Eight businesses will be able to test their alternative approach to delivering Internet connectivity
The Department for Culture, Media and Sport has announced the eight successful bidders which are likely to receive a share of the £10 million rural broadband fund.
The technologies that have been proposed to solve the problem of rural ‘not-spots’ include fixed wireless, satellite and line-of-sight.
The fund was created to help test the various methods of connecting the remaining five percent of the population not covered by the existing nationwide broadband roll-out. It focuses on regions where laying fibre is too expensive or impractical, for example the Scottish Highlands.
“Fast and reliable broadband revolutionises everything from how we work and how our children learn, to how we spend our leisure time and engage with public services. It is critical that we explore how to get superfast broadband out to these hard to reach areas to allow business to be more productive, innovative and competitive, which is crucial for building a stronger rural economy and fairer society,” commented Rural Affairs Minister Dan Rogerson.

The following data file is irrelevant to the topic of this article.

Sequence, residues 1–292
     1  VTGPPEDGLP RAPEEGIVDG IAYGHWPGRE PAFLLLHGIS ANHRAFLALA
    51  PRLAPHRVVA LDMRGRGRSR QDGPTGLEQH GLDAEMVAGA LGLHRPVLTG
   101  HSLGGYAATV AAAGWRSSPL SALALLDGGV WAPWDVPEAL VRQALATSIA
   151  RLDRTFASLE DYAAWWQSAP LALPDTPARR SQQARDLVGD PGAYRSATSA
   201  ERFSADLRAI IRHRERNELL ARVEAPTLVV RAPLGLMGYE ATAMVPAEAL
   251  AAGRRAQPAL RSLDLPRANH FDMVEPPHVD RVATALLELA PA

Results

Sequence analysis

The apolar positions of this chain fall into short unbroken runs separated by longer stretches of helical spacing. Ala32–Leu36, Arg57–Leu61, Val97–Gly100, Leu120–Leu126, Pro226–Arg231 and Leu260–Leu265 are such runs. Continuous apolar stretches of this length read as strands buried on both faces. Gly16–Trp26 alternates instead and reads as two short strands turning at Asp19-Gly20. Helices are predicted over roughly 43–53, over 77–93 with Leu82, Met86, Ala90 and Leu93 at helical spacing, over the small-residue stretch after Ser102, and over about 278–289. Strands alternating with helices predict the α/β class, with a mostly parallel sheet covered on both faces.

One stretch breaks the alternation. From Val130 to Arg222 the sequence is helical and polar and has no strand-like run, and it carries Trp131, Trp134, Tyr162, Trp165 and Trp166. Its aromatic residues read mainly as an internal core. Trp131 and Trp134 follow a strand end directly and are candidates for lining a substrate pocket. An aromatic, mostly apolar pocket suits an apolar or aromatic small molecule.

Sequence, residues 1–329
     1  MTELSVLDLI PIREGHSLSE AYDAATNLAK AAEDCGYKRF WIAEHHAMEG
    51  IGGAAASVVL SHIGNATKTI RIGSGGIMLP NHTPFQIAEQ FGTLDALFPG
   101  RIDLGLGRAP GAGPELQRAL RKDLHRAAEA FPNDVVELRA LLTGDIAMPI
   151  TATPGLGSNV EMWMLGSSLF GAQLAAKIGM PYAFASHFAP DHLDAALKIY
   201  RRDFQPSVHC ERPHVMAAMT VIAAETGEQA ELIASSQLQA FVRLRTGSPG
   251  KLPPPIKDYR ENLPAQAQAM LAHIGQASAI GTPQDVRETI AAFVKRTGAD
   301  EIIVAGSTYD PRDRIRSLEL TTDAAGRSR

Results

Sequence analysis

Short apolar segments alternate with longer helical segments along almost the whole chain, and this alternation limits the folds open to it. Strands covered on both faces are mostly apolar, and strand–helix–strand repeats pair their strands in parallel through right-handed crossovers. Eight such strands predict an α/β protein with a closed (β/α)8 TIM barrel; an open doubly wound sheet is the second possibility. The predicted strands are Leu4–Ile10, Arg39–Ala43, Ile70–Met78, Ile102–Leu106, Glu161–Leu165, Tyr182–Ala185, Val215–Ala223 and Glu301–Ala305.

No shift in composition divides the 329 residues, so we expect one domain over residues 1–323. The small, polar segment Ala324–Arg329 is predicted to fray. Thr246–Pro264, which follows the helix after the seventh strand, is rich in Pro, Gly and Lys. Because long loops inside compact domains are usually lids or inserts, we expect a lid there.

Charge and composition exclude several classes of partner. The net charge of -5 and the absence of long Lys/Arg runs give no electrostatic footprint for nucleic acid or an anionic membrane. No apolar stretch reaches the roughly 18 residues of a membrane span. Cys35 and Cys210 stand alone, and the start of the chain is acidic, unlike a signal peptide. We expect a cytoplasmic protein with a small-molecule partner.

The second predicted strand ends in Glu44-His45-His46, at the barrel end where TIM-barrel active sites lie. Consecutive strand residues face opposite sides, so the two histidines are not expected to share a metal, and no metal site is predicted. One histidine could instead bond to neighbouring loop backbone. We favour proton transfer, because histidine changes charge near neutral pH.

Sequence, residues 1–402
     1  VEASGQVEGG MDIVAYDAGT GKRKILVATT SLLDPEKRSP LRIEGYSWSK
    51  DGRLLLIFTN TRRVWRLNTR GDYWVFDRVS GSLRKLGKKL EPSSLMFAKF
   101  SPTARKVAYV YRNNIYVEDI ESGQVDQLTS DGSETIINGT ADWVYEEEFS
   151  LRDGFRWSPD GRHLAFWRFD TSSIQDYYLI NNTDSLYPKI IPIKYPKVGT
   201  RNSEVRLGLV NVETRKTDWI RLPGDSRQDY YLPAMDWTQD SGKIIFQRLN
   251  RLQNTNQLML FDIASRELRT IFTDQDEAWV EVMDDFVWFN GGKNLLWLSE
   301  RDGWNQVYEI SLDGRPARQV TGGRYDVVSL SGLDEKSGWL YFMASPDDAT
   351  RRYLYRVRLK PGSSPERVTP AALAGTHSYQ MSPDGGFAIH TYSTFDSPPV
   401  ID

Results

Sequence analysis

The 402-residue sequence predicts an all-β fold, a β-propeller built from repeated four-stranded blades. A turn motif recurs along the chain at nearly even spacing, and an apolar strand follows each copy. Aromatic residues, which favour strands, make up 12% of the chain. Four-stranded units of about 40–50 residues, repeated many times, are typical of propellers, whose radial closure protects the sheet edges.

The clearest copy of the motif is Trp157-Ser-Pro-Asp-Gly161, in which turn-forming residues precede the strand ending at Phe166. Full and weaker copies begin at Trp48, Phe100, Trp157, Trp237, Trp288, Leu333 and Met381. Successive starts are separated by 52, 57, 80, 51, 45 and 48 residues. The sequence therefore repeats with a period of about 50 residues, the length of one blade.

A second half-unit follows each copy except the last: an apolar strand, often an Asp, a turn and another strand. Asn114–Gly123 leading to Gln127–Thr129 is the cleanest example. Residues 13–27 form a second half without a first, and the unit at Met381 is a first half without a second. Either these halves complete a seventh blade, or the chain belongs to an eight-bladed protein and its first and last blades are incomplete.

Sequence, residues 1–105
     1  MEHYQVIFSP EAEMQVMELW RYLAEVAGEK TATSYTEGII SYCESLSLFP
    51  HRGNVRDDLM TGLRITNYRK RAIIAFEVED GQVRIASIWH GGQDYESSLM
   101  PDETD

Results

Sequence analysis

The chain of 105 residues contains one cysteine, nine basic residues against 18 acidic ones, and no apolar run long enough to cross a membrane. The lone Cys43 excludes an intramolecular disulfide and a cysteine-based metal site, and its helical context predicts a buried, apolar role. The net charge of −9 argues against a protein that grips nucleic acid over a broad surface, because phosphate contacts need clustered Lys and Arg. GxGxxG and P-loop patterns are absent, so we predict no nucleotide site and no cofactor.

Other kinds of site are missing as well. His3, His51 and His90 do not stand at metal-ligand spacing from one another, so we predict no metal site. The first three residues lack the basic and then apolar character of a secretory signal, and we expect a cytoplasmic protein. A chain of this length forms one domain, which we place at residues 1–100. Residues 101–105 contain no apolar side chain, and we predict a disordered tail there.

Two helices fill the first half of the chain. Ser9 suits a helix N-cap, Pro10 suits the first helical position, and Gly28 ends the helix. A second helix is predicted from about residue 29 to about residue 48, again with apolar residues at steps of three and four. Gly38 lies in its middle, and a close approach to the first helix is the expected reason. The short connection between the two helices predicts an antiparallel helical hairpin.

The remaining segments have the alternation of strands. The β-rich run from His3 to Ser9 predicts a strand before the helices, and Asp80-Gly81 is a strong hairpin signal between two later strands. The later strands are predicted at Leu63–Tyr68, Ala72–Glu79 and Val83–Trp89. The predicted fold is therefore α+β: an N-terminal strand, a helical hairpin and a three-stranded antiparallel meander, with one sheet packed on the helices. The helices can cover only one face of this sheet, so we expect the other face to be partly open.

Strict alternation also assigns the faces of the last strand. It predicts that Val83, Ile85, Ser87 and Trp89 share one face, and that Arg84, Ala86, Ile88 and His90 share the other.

Broadband for all
According to the DCMS, the government’s national broadband roll-out is currently connecting 20,000 new premises each week, and is on track to get 95 percent of the population online by 2017.
However, connecting the remaining five percent living in rural areas is a very different challenge, one which requires regional knowledge and innovative thinking. That’s why the DCMS announced a £10 million fund in December 2013, aimed at exploring new ways to deliver broadband.
Such technology could eventually be used as part of a £250 million scheme to expand superfast broadband coverage to areas not covered by the existing £530 million BDUK initiative.
Successful bidders include AB Internet in Wales, Airwave in North Yorkshire, Quickline in North Lincolnshire, Avanti in Northern Ireland and Scotland, Satellite Internet in Devon and Somerset, Call Flow in Hampshire, Cybermoor in Northumberland and MLL in Kent.
All of the above will progress to the ‘feasibility stage’, where they have to prove that their approach will work. If successful, the eight projects will receive access to funds and will be able to start deployment before the end of the year.
The announcement was welcomed by Malcolm Corbett, CEO of the Independent Networks Co-operative Association (INCA).
“This is a very useful initiative and we are keen to help local authorities and INCA members learn from the trials. There is a huge amount of experience, professionalism and entrepreneurial enthusiasm in the independent sector that can play a big role in creating Britain’s future digital infrastructure,” he said.
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